Art in Ajanta caves - Paintings

Art in Ajanta caves - Paintings

Question - Discuss the art in Ajanta caves with reference to the paintings.

– Ajantha caves are located in the western part of Maharashtra, the Ajanta caves are an architectural marvel.

– A group of 29 caves carved into the facade of a hill served as halting places for monks. Out of these five are chaitya grihas containing Buddhist shrines. Most of the chaityas have votive reliefs and ornamentation in form of sculptures.

– The most outstanding feature is the painting which cover the walls of the caves. There is a good balance achieved in the paintings between bright colors and soft lines, sensual images of lovers and images of composed sages.

– The jatakas form the theme of the paintings in Ajanta along with various events from Buddha's life. The ceiling decoration invariably consists of decorative patterns, geometrical as well as floral.

– The paintings are divided into two broad phases. The earliest is in form of fragmentary specimens in caves 9 and 10, which are datable to 2nd century BCE. Resemblance in the head gear and ornamentation with that of Sanchi and Bahrut is seen.

– The second phase spread between 5th-6th century CE where change in style is seen in caves 1,2,16 and 17. A decline in the style of art is seen indicated by some lifeless images of Buddha.

How it was done: The artists drew the outlines of the pictures using red cinnabar which was then filled in with an undercoat of terre-verte. The base surface of the paintings on walls and ceilings was then covered with a thick coating of paste made from clay, cow-dung, animal hair and vegetable fiber. This was given a second coat of mud and ferruginous earth mixed with fine rock-powder or sand and fine fibrous vegetable material. This surface was then finally worked on with a thin coat of lime wash.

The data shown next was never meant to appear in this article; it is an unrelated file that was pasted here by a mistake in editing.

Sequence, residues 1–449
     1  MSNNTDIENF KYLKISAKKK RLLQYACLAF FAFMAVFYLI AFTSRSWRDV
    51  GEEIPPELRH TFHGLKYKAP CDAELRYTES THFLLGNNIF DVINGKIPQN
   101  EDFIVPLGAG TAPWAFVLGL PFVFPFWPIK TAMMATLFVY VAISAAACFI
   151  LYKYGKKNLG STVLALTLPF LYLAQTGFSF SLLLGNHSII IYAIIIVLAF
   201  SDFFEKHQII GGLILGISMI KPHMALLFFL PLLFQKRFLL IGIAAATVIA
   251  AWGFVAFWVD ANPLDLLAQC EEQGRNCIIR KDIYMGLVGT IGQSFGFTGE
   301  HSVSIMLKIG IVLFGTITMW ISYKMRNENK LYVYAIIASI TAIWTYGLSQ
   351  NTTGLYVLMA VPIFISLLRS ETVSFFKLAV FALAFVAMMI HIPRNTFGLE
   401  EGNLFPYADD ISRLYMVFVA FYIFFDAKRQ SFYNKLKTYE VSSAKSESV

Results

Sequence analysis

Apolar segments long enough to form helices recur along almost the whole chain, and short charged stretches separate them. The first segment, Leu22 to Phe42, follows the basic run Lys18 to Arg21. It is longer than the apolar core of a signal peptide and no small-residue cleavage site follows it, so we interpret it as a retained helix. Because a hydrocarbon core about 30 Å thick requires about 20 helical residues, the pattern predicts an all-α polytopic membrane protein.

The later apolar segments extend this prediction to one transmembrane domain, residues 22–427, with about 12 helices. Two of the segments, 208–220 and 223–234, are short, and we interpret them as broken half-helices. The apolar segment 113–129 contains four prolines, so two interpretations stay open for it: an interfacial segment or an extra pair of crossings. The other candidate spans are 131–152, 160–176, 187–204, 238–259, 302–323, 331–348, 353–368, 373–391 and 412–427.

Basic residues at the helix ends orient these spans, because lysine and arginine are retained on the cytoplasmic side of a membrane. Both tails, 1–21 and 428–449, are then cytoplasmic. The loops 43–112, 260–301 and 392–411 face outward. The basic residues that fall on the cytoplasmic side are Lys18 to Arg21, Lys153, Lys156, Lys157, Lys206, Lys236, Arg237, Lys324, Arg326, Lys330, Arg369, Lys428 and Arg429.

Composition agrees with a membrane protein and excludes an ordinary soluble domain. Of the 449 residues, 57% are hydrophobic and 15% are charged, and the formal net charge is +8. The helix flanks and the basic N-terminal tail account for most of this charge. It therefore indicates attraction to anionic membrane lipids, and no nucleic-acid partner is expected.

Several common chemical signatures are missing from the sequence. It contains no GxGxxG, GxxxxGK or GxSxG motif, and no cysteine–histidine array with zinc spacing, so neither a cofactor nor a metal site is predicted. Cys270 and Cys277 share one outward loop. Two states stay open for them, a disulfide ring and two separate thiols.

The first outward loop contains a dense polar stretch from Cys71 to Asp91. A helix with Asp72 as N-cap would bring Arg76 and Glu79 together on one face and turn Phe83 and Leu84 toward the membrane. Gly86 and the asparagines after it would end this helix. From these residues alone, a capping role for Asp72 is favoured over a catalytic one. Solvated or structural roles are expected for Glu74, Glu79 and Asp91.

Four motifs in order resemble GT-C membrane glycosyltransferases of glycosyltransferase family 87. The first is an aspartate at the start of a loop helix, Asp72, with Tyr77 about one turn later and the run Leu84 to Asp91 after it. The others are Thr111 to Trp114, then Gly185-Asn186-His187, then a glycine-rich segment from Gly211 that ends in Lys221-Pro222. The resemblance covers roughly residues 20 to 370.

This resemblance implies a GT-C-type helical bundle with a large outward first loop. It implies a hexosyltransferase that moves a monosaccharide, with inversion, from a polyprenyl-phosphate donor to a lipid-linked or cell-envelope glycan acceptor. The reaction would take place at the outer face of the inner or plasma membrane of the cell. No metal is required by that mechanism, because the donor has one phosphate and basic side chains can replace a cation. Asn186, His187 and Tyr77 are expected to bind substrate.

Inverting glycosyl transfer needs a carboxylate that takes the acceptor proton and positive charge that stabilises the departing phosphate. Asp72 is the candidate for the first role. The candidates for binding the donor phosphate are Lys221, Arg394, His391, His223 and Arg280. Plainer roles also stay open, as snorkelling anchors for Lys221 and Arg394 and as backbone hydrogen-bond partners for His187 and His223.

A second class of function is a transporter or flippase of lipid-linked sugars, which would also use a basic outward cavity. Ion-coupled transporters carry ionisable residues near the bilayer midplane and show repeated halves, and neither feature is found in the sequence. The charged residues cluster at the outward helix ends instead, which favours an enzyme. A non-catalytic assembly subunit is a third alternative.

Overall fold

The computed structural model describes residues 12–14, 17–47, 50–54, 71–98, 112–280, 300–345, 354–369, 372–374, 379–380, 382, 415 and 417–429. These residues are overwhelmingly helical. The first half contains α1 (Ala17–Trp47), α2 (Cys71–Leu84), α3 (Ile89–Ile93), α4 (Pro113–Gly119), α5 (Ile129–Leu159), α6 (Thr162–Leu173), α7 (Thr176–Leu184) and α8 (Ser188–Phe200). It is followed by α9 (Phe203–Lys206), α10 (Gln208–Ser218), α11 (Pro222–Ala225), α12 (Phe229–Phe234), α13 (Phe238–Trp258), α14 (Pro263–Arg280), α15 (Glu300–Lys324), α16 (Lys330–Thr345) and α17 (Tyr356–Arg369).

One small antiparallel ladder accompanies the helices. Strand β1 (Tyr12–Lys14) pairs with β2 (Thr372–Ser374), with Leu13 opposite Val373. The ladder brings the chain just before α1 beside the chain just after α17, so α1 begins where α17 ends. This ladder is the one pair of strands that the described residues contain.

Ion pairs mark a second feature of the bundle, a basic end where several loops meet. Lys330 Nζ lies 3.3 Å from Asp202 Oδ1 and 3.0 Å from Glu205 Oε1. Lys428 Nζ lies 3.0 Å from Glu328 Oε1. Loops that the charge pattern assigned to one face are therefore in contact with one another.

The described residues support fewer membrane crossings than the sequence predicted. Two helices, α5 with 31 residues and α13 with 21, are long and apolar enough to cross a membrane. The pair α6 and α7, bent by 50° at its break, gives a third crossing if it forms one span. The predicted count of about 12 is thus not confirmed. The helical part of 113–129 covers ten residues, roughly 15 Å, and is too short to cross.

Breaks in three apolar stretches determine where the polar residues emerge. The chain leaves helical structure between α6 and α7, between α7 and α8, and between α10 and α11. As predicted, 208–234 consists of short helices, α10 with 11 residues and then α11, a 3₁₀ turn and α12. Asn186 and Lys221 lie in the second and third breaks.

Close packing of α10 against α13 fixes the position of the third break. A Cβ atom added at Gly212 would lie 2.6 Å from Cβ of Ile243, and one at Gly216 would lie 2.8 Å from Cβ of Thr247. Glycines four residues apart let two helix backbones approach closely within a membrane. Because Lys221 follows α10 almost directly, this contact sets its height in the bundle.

Bold outlines were drawn over the lime washed surface and spaces were filled with colors in different shades to achieve the desired effect. The colors were derived from natural water soluble substances like kaolin chalk for white, lamp soot for black, glauconite for green, ochre for yellow and lapis lazuli for blue. Glue was the main binding material used. This was applied only after the undercoat was completely dry. This shows that the paintings at Ajanta are not frescoes since they are painted with the help of a binding agent. Finally the murals were painstakingly polished with a smooth stone to bring out their natural luster.

The only source of light was the oil lamps and the little time that sunshine could enter the cave especially with the help of metal mirrors. The extraordinary feat achieved by the artists of Ajanta is thus famous all over the world.


• John Smith, a British captain, discovered these caves in the year 1819 accidentally while hunting in the forest.

• The earliest excavations belong to Hinayana sect of Buddhism.
Post your comment